Car Audio Capacitors
How to charge a Capacitor
The capacitor or cap is one of the most overlooked accessories in car audio. They can help make the difference in about any size stereo system regardless of the total wattage. A cap is basically an energy storage device similar to a battery; however there are key differences between a battery and a cap.
What is a capacitor?
How to wire the capacitor
How to charge a capacitor
Safe storage of capacitors
Capacitor wiring diagram
A cap will store energy similar to a battery but a capacitor can actually discharge large amounts of energy very quickly. A battery is designed to hold a large amount of energy and discharge that energy over a long period of time. A capacitor will always be charging when there is an extra load of current running through your electrical system. There is always wasted energy just waiting to be used, so the cap will harness this energy and store it for later use. Then for instance, if youíre playing your system continuously and your amplifier suddenly hits a very low bass note there may not be enough voltage to go around. Your capacitor will use that extra energy and give your amp a much needed boost of power. This boost balances your system out and will keep a more stable electrical load on your vehicle. A cap in simple terms opposes any change in voltage. That's why it helps keep your headlights from dimming or causing many other serious electrical problems from happening in the first place. Another general rule for car audio is for every 1000 watts of power that your system is capable of producing; you should have 1 farad of protection.
Now that was have a basic understanding of the car audio capacitor and its functions lets take a look at the process for connecting a capacitor. There are a vast variety of capacitor brands and farad ratings to choose from. So where to start? Well when choosing a cap there are going to be several factors to choose which cap will work best for your application. Letís look at an install that would be ideal for adding a capacitor. First the equipment being run in this example is a 500 watt subwoofer amplifier. This amplifier has the ability to produce up to 1000 watts so in this case I recommend at least a 1 farad capacitor to cover this system. The vehicle already has a 4 gauge wire being used for power and ground connections. For this install we decided to use a Stinger 1 farad cap. To add the cap to this system we are going to need are some 4 gauge ring terminals, and additional power wire and ground wire.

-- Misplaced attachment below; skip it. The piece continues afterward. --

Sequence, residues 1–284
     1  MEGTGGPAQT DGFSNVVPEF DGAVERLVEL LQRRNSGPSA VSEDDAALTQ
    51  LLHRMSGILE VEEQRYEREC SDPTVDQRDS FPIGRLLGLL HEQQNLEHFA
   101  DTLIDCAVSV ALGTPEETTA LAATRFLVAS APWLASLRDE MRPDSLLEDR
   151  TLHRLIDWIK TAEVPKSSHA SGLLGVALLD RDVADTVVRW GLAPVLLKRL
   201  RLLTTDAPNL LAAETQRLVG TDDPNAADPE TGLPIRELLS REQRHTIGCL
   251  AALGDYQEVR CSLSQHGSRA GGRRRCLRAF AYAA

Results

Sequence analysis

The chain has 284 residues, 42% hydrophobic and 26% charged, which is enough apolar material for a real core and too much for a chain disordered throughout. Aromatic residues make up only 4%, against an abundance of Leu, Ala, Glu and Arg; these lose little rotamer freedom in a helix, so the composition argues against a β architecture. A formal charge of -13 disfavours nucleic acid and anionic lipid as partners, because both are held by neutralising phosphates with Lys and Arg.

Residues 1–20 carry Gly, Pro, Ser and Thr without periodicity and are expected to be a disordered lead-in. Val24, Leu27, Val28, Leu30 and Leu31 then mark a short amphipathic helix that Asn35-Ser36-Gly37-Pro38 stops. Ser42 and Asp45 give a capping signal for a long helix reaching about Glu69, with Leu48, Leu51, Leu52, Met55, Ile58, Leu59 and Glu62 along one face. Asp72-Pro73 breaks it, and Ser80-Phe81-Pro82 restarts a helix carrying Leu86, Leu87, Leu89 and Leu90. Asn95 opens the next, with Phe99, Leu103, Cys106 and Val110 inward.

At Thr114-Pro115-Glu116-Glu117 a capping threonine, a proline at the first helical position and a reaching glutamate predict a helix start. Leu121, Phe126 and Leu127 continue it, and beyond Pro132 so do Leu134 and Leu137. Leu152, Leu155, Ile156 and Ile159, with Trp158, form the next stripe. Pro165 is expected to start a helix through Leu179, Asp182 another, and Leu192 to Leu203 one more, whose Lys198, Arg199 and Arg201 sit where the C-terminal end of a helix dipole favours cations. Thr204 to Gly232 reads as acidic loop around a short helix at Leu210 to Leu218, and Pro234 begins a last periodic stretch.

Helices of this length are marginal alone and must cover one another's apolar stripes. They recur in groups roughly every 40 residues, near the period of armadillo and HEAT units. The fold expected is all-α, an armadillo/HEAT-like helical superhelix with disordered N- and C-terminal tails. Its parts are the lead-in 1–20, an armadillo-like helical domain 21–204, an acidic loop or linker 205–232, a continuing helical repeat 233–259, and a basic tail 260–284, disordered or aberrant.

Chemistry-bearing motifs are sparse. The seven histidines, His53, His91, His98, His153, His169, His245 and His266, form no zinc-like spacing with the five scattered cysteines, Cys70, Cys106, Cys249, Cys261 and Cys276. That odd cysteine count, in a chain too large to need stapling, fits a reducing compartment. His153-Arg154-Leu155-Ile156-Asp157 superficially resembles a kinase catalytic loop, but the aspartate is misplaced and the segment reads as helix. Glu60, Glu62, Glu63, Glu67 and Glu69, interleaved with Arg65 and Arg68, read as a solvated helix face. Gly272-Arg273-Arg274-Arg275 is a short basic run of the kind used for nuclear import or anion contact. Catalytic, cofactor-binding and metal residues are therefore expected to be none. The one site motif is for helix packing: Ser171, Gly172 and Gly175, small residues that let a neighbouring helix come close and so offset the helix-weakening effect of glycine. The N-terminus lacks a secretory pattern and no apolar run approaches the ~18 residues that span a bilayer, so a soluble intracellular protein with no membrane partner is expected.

(Step 1) First to start we remove the fuse up at the fuse holder near the battery. From there we can safely disconnect the main power wire connection at the amplifier
(Step 2) Add a ring terminal to your main power wire coming to the back of the vehicle from the battery, instead of going directly to amp it now goes into the capacitor. Also depending on where youíre planning to install the cap relative to your amplifier you will need some wire to run the short distance between two. If mounting the cap right next to your amp for instance 2 or 3 feet should be plenty of wire.
(Step 3) Connect another ring terminal to the short wire and the other end connects direct into your amplifier. Loosely tighten the Allen terminal on the positive side of the capacitor for now.
(Step 4) As far as the ground which is currently connected to your amplifier, disconnect it from the amplifier run it directly to the capacitor, add another ring terminal at this point and connect to the cap.
(Step 5) Now the last step is we need another short ground wire to run from the cap to your amplifier. Use another ring terminal and connect it to one side of the short wire and connect this at the ground on the cap, from there the other short end runs into your amplifier.
(Step 6) The final and last step is charging the capacitor; this is generally the part most people get confused with. The capacitor will include a resistor, which basically looks like a small light bulb. To charge the cap, remove the loosely connected Allen screw on the positive side of the cap, this is where the main battery lead and the lead running into your amplifier should be temporarily connected. Move the lead connecting to the amp off to the side from now, connect one end of the resistor to positive terminal on the cap and screw down the Allen terminal just to hold in place temporarily.
Now, very carefully connect the other end of the resistor to your main battery lead, no worries yet since the fuse is still removed. It helps if you have a friend hold the main battery lead while doing this, reconnect your main fuse and hold the ring terminal to the resistor and the cap will start to chargeÖÖ
If the cap has a digital voltage meter you will see voltage slowly start to climb. At first the resistor bulb will be very bright and slowly start to dim. Once the bulb is completely dim the cap is charged.
Remove your main fuse one more time and carefully reconnect your positive ring terminals for the battery lead and the amp lead, itís okay if you have a small spark, this is normal.
After that tighten and check all connections and put the fuse back in. Test your amplifier and reset your amp and deck settings if needed. Itís normal for the cap to remain on for up to about 4 or 5 minutes after the car has turned off, it actually recharges itself and will turn on and off automatically as needed. One last thing I want to mention is you ever need to disconnect the cap and store it. The cap will still hold a charge even if it is disconnected from the vehicle so you will also want to discharge it after you are finished using it. To discharge it: connect the resistor between the positive and negative post on the cap. The resistor bulb will be bright at first and slowly dim out. Once it is completely dim the cap is discharged and safe to store.
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